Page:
Coding Horror

programming and human factors

Mousing Surface Theory

This post, and its comments, were updated in 2015 to reflect current choices and opinions.

Hi there. I want to talk to you about ducts.*

Sorry, when I said ducts, I meant mousepads.

As I have a long-standing mouse fetish, you might not be surprised to learn that I also fetishize the humble mousepad, as well. It's all perfectly healthy. Really.

Let's start with the obvious: do you even need a mousepad? It's a fair question. Are you using a traditional mouse? Maybe you're using a trackball, trackpad, trackpoint, or something else with the word "track" in it. If so, then thanks for reading this far. Come back for my next post.

For the rest of us using standard computer mice, consider the following questions:

  1. Is your mousing surface uneven?
  2. Does your mousing surface have an inconsistent texture?
  3. Does your mousing surface interfere with the optical LED or laser sensors in modern mice?
  4. Are you concerned that your present mousing surface will be damaged or marred from extended mousing?
  5. Do you struggle to find enough room to move your mouse?

If you answered "yes" to any of these questions, you should probably have a mousepad. The average desktop often does not provide a consistent mousing surface; a well-designed mousepad does. That is its purpose – to stake out a consistent, reliable, and durable mousing surface on your desktop.

Believe me, I'd love to be a minimalist and go without any kind of mousepad, but I always end up needing one. I started wearing a permanent mark in my beloved Ikea Jerker desk with my mousing here at home, for example. I've also found that extended mousing leaves behind an unpleasant-but-cleanable residue, and I'd rather clean the mousepad than my desk.

Now that we've established the need for a mousing surface, it's time to decide exactly what you want:

  • a wrist rest?
  • raised and thick or low-profile and thin?
  • smooth or textured?
  • metal, glass, cloth, or plastic?
  • small, medium, large, or obscenely large in size?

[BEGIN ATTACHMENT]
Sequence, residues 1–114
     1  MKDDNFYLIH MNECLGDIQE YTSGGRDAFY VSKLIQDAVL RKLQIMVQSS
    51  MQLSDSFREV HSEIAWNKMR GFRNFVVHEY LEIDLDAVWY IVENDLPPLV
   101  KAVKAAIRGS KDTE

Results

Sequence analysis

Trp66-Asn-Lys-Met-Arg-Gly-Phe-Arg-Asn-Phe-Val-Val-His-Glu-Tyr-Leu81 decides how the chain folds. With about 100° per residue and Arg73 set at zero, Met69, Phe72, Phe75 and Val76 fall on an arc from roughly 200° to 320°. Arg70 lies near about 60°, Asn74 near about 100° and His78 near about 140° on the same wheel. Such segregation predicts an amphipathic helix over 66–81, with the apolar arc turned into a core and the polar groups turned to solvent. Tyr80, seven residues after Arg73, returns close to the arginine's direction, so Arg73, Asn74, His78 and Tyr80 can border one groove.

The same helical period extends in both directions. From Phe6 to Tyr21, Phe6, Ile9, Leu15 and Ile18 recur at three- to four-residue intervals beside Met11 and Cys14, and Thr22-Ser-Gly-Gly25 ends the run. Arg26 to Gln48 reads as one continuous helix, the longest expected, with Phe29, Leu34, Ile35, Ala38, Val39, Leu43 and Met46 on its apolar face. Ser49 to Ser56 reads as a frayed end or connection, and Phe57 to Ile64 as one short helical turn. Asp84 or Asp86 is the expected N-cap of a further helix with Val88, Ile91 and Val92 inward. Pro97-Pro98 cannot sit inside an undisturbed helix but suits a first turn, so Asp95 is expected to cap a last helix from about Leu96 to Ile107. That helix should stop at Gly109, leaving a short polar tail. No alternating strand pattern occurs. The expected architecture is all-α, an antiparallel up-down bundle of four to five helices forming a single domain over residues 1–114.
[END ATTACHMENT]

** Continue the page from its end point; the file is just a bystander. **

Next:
• square, rectangular, circular, or some other shape?

And that's before we get into issues of color and style. If you consider the above questions, you can narrow it down substantially. I do have two general recommendations, however.

I'm a big fan of the Razer Vespula. If you're OK with a relatively large mousepad, this 10.2" x 12.6" model is one of my favorites. It's built on a low-profile hard plastic base to resist bending, with soft rubber feet on all sides, as well as a thin rubber mat you can place underneath so there's no slippage.

Razer Vespula

It's also reversible: one side is "speed" (smooth), the other "control" (textured). And it bundles an optional wrist rest sized to nestle perfectly against the bottom of the pad.

I bought my Vespula way back in 2011 and it's still going strong. Many years later, I believe the general idea of a reversible, double sided mousepad with a thin metal or hard plastic core is close to the best of all worlds. With that in mind, I can also recommend the Corsair MM600 and the Perixx DX-5000XL. They are all big, though. Imagine an iPad or something a bit larger sitting next to your keyboard.

If you're looking for something more basic, I can also recommend XTrac, specifically their hard surface mousepads. They're very thin, rubber backed, and come in a variety of sizes. At one point I had it literally glued to my desk with removable spray adhesive.

xtrac mousepads

They're all thin, but the Logic "skin" models are super thin. Extreme thinness can make the XTrac a natural extension of your desk.

XTrac mouse surface thickness comparison

I don't recommend the cloth / fabric branch of the XTrac family tree – or any mousing surface, for that matter.

I am not proposing either of the above as the final mousing surface solution, but I have used both extensively. There are plenty of other great choices; I've heard people say very nice things about the unusual circular WOW!PAD, for example.

I could also talk about how I regularly lubricate my mice feet and mousepads, but then I'd worry that people might think I've gone too far with my mouse fetish.

XTrac Mad Wax


It's my hope that after reading this, you'll be able to tell a well-designed, quality mousing surface from those cheap, floppy, disintegrating fabric things that are mousepads in name only.

* Do your ducts seem old-fashioned? Out of date? Central Services' new duct designs are now available in hundreds of different colors to suit your individual tastes. Hurry now, while stocks last, to your nearest Central Services showroom. Designer colors to suit your demanding tastes.

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Written by Jeff Atwood

Indoor enthusiast. Co-founder of Stack Overflow and Discourse. Disclaimer: I have no idea what I'm talking about. Find me here: